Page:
ABOUT US >

The Field Museum’s Keller Science Action Center is an interdisciplinary team of biologists and social scientists dedicated to translating museum science into action for conservation and quality of life of local people.

CONTACT >

1400 South Lake Shore Drive
Chicago, IL 60605-2496

Telephone: +1 312-922-9410

Email: alemos@fieldmuseum.org

TOOLS

Over the last decade, we have worked together with our local collaborators to create and refine a series of capacity-building modules that guide stakeholders as they develop and implement quality of life plans. We hope that these materials will be useful to a broad range of organizations working with communities to improve quality of life and conserve the environment.

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This guide has been developed for technicians and/or facilitators of organizations that work with native and rural communities and for members of  native or rural communities where quality of life plans are developed.

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This document establishes guidelines for using planning instuments such as Regional Development Plans, Master Plans for Protected Areas and Life Plans for Native Communities together.

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This tool aims to promote in a participatory and reflective way the good management of enterprises derived from the use of natural resources and ancestral knowledge with emphasis on social and environmental responsibility.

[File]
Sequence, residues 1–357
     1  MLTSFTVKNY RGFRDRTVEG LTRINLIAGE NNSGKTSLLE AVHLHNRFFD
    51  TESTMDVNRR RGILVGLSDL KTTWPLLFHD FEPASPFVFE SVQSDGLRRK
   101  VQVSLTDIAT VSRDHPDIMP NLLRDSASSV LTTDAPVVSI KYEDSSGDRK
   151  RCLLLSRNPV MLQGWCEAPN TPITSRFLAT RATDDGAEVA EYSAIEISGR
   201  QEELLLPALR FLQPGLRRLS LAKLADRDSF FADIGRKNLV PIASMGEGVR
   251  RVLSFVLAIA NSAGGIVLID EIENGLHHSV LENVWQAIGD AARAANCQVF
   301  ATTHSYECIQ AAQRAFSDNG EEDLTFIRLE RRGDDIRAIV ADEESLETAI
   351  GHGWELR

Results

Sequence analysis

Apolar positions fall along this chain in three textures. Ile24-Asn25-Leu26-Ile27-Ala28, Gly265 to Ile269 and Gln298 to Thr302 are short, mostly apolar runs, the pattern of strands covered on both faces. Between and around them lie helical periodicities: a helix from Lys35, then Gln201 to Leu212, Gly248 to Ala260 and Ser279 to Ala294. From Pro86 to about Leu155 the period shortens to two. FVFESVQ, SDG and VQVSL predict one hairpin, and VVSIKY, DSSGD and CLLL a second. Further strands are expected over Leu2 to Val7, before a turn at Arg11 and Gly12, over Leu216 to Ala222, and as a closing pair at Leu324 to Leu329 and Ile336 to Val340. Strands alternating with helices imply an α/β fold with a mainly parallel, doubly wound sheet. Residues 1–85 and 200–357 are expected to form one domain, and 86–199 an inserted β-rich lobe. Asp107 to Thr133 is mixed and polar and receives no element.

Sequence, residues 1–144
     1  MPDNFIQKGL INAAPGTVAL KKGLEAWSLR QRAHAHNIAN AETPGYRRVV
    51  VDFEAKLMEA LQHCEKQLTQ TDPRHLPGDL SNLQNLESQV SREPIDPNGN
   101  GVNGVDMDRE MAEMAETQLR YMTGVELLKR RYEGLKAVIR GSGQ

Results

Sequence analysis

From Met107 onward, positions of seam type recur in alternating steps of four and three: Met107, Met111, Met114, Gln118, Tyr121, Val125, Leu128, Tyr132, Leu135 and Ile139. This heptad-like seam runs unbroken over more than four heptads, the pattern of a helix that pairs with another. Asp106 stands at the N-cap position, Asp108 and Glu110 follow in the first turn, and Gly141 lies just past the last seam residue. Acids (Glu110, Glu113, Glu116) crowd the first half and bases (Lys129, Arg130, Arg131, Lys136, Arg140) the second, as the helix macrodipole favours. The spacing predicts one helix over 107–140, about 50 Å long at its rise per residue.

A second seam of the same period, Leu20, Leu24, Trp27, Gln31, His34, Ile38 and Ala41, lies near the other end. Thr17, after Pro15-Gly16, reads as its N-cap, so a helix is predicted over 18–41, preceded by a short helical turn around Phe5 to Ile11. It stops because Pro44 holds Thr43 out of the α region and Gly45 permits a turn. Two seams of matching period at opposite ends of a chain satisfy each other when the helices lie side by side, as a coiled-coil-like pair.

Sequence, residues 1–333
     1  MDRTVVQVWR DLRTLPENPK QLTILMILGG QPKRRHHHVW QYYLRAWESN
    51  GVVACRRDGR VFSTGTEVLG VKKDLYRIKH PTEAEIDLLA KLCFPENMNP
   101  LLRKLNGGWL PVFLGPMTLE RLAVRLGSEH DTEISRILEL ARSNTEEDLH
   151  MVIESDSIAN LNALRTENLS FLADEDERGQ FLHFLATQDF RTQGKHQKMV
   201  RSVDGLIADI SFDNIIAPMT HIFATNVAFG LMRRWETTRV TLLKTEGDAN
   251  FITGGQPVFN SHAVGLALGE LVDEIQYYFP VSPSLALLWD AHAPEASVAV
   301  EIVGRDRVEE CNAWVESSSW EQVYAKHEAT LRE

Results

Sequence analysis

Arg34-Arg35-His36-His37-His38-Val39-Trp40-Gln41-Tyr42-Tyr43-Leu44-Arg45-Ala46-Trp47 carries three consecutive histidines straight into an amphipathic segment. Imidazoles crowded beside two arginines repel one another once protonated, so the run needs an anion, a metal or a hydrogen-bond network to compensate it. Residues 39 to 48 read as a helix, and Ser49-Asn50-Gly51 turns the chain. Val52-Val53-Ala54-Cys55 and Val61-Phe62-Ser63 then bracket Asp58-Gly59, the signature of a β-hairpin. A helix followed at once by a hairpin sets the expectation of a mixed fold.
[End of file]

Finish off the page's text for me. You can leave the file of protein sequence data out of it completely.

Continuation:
Examples of Quality of Life Plans
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Publications

 “A new approach to conservation: using community empowerment for sustainable well-being,” published in Ecology and Society, takes stock of The Field Museum’s long-standing work with indigenous and campesino communities in the Peruvian Amazon to unpack how emphasizing communities’ assets, rather than their deficits, has strengthened conservation. 

In Environment and Society, the authors unpack the so-called “biocultural” approaches in an article entitled “Culturally Grounded Indicators of Resilience in Social-Ecological Systems.” Effective, culturally grounded measurement systems are key to supporting adaptive management and resilience in the face of environmental, social, and economic change. The paper reviews seven case studies and one framework regarding the development of culturally grounded indicator sets, and propose new indicators to take stock of how well these approaches are performing relative to conventional conservation initiatives. 

More than 30 co-authors—scientists, policy-makers and on-the-ground practitioners—published "Biocultural approaches to well-being and sustainability indicators across scales" in Nature/Ecology and Evolution which suggests alternative and complementary approaches that use indicators grounded in the values of a particular community.